Witnesses play a crucial role in bringing awareness to the long-standing issue of police brutality toward the Black community in this country.
In the case of George Floyd — the Black man who died on May 25 after Minneapolis cop Derek Chauvin knelt on his neck for nearly nine minutes — witnesses begged the officer to let up, but ultimately their pleas couldn’t save his life. Video footage of the incident, however, has helped hold Chauvin accountable for his abuse of power. (At the time of publication, Chauvin has been charged with third-degree murder and manslaughter, while the other three officers who were present have not yet been charged. All four have been fired.)
This tragedy has sparked an important conversation about what you should and shouldn’t do if you witness police brutality firsthand. Below, experts offer advice on how you can safely do your part.
Safety is paramount. And the risks of intervening are greater for people of color.
While any onlooker could potentially be putting themselves in harm’s way by witnessing or documenting police misconduct, minorities are especially vulnerable. So it’s important to be aware of the potential dangers involved.
“I’m hesitant to say anybody should step in, because I don’t want people’s lives to be risked, but I do think there is a role, especially for white allies,” Paige Fernandez, policing policy adviser for the American Civil Liberties Union, told USA Today. “If they see an incident of police brutality happening, I think they absolutely have to step in and say something, just because officers often interpret black and brown people as threats for absolutely no reason, other than deep-seated racism.”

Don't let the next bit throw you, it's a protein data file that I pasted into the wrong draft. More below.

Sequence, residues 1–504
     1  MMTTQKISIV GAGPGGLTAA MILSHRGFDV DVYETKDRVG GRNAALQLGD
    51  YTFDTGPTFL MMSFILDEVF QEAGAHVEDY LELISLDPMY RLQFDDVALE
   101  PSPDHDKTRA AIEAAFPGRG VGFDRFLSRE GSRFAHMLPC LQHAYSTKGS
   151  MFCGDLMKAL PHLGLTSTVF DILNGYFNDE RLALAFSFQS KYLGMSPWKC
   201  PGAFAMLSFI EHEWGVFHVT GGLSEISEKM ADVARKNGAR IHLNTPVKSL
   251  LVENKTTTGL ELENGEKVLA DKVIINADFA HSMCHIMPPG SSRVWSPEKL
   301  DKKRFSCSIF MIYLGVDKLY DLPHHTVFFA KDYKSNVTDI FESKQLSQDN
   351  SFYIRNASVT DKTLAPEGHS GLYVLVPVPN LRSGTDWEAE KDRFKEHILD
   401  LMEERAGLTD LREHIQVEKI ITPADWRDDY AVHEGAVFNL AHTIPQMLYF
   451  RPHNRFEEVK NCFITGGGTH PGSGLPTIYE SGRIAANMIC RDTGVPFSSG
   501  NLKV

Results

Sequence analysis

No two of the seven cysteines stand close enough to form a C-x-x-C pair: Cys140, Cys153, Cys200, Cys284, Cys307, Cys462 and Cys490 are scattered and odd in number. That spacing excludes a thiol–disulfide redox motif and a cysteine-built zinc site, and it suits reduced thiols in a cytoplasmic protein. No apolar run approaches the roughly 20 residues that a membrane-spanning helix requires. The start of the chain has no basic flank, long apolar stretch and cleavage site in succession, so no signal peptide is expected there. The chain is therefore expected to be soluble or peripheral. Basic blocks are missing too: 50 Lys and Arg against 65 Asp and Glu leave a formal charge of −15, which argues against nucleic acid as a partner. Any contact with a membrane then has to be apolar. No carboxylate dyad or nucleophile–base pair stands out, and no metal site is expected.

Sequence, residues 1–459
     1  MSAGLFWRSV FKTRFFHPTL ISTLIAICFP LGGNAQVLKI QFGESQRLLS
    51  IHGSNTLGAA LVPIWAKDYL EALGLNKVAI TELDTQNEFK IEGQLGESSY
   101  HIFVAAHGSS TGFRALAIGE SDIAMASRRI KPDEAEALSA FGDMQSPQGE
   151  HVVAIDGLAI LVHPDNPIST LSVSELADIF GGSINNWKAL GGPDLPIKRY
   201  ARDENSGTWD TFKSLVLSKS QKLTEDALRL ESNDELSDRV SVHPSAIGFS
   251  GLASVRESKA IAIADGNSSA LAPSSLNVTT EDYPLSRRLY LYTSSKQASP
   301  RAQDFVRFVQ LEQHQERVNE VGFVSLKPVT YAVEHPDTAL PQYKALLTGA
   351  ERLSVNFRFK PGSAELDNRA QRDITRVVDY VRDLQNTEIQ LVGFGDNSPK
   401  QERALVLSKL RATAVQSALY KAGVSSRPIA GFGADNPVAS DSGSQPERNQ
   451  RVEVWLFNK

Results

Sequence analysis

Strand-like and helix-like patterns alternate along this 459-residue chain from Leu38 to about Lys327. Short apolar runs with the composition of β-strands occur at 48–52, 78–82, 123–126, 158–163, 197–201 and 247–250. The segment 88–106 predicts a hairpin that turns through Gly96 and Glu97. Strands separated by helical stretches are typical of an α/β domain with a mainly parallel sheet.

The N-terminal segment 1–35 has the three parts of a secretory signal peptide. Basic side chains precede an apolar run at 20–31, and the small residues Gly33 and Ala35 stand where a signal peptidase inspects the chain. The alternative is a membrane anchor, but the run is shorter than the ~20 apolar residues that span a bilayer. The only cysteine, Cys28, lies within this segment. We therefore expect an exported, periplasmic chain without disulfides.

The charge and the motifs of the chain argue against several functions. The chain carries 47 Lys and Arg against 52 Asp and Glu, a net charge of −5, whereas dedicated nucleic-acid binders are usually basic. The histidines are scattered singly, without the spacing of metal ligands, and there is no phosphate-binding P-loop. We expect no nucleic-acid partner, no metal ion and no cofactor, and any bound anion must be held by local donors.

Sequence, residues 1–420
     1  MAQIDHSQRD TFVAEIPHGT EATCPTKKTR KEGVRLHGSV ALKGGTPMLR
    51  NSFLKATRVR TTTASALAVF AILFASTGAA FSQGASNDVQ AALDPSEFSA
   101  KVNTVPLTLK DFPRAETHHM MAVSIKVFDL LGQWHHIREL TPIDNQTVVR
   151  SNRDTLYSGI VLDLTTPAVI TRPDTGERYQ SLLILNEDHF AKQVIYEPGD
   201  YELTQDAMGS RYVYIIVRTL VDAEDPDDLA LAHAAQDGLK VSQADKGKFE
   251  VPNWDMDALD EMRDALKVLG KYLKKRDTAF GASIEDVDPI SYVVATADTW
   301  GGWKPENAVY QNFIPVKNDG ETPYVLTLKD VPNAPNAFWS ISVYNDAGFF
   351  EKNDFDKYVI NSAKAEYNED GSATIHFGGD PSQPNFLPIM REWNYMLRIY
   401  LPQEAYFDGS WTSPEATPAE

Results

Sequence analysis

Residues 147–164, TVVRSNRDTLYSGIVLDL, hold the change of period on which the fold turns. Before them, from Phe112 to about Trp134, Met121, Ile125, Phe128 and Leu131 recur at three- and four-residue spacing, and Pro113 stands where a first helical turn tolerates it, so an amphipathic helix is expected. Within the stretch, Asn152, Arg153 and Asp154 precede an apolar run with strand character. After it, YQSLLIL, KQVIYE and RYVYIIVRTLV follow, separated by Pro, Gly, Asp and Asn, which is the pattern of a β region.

You’re allowed to film the encounter — but police may try to stop you anyway.
According to the Legal Aid Society website, “You have a right to record the police as long as you are not interfering with the discharge of their law enforcement duties.” Note that this right applies to public spaces, not private settings where the rules may differ.
Maintain a minimum of 6 feet of distance from the situation so you can safely observe. Keep your phone close to your body around chest level. To protect your digital safety, disable face or fingerprint ID methods for unlocking your phone, and use a passcode with six or more digits instead.
“If you are recording, don’t hold your phone out from your body,” Maggie Ellinger-Locke, a movement attorney with the National Lawyers Guild, told HuffPost. “This makes it easier for law enforcement to grab.”
If a cop asks you to back up, comply with the request.
“You can stay safe and still film critical footage from a distance, like from a window, balcony, rooftop or fire escape,” activist Palika Makam of the human rights organization WITNESS wrote in a piece for Teen Vogue.
Without a warrant, police cannot confiscate your device, nor can they demand to see the videos or photos you’ve taken or delete them — though that sometimes happens anyway.
If a law enforcement official tells you to stop filming, you can state your constitutionally protected right to document police activity occurring in plain view.
“If it were me, and an officer came up and said, ‘You need to turn that camera off, sir,’ I would strive to calmly and politely yet firmly remind the officer of my rights while continuing to record the interaction, and not turn the camera off,” Jay Stanley, a senior policy analyst at the ACLU, previously told The Atlantic.